“But they won’t take excuses. You’re across the line, and that’s enough. They’ll take you. In you go, Siberia and the salt-mines. And as for Uncle Sam, why, what’s he to know about it? Never a word will get back to the States. ‘The Mary Thomas,’ the papers will say, ‘the Mary Thomas lost with all hands. Probably in a typhoon in the Japanese seas.’ That’s what the papers will say, and people, too. In you go, Siberia and the salt-mines. Dead to the world and kith and kin, though you live fifty years.”
In such manner John Lewis, commonly known as the “sea-lawyer,” settled the matter out of hand.
It was a serious moment in the forecastle of the Mary Thomas. No sooner had the watch below begun to talk the trouble over, than the watch on deck came down and joined them. As there was no wind, every hand could be spared with the exception of the man at the wheel, and he remained only for the sake of discipline. Even “Bub” Russell, the cabin-boy, had crept forward to hear what was going on.
However, it was a serious moment, as the grave faces of the sailors bore witness. For the three preceding months the Mary Thomas sealing schooner, had hunted the seal pack along the coast of Japan and north to Bering Sea. Here, on the Asiatic side of the sea, they were forced to give over the chase, or rather, to go no farther; for beyond, the Russian cruisers patrolled forbidden ground, where the seals might breed in peace.
A week before she had fallen into a heavy fog accompanied by calm. Since then the fog-bank had not lifted, and the only wind had been light airs and catspaws. This in itself was not so bad, for the sealing schooners are never in a hurry so long as they are in the midst of the seals; but the trouble lay in the fact that the current at this point bore heavily to the north. Thus the Mary Thomas had unwittingly drifted across the line, and every hour she was penetrating, unwillingly, farther and farther into the dangerous waters where the Russian bear kept guard.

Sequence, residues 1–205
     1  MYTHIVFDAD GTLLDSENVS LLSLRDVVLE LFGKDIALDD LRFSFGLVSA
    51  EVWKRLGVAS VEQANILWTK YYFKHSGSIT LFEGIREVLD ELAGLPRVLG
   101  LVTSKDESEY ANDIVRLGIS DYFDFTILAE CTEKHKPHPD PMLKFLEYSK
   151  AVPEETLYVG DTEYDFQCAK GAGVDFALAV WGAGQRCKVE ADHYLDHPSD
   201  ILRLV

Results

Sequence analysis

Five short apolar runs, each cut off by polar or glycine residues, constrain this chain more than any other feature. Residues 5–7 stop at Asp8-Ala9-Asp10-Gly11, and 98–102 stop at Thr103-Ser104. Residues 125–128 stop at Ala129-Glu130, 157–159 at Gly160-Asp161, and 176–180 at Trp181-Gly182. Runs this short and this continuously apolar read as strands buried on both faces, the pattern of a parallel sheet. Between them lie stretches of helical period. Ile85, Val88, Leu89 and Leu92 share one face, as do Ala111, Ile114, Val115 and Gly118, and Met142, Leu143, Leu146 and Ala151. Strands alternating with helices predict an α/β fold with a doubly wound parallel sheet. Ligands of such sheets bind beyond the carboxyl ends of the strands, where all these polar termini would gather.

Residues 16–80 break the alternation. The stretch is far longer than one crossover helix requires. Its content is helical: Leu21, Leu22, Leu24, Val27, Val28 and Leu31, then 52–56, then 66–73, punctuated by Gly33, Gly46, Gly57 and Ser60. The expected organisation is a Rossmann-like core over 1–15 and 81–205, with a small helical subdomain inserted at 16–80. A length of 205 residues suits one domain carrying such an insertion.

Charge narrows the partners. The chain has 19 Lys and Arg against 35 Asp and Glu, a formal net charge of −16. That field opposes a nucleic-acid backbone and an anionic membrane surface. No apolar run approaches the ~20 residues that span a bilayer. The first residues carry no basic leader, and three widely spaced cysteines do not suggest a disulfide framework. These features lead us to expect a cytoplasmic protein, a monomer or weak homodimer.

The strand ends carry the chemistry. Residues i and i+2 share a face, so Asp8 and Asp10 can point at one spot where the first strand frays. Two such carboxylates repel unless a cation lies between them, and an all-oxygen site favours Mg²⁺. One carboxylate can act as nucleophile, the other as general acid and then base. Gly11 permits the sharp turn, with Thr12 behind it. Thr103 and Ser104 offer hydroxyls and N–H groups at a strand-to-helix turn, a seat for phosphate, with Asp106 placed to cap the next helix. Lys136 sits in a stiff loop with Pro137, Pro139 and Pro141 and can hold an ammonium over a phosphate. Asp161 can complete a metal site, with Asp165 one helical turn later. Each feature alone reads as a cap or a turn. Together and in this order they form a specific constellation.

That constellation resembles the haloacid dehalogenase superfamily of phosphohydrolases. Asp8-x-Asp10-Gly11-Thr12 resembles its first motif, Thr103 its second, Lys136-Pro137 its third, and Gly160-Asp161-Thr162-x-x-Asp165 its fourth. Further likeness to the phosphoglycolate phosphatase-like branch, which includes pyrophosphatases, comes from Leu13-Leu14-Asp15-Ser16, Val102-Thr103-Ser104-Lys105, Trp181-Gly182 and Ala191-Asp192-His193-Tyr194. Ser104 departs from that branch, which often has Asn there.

How far she had drifted no man knew. The sun had not been visible for a week, nor the stars, and the captain had been unable to take observations in order to determine his position. At any moment a cruiser might swoop down and hale the crew away to Siberia. The fate of other poaching seal-hunters was too well known to the men of the Mary Thomas, and there was cause for grave faces.
“Mine friends,” spoke up a German boat-steerer, “it vas a pad piziness. Shust as ve make a big catch, und all honest, somedings go wrong, und der Russians nab us, dake our skins and our schooner, und send us mit der anarchists to Siberia. Ach! a pretty pad piziness!”
“Yes, that’s where it hurts,” the sea lawyer went on. “Fifteen hundred skins in the salt piles, and all honest, a big pay-day coming to every man Jack of us, and then to be captured and lose it all! It’d be different if we’d been poaching, but it’s all honest work in open water.”
“But if we haven’t done anything wrong, they can’t do anything to us, can they?” Bub queried.
“It strikes me as ‘ow it ain’t the proper thing for a boy o’ your age shovin’ in when ‘is elders is talkin’,” protested an English sailor, from over the edge of his bunk.
“Oh, that’s all right, Jack,” answered the sea-lawyer. “He’s a perfect right to. Ain’t he just as liable to lose his wages as the rest of us?”
“Wouldn’t give thruppence for them!” Jack sniffed back. He had been planning to go home and see his family in Chelsea when he was paid off, and he was now feeling rather blue over the highly possible loss, not only of his pay, but of his liberty.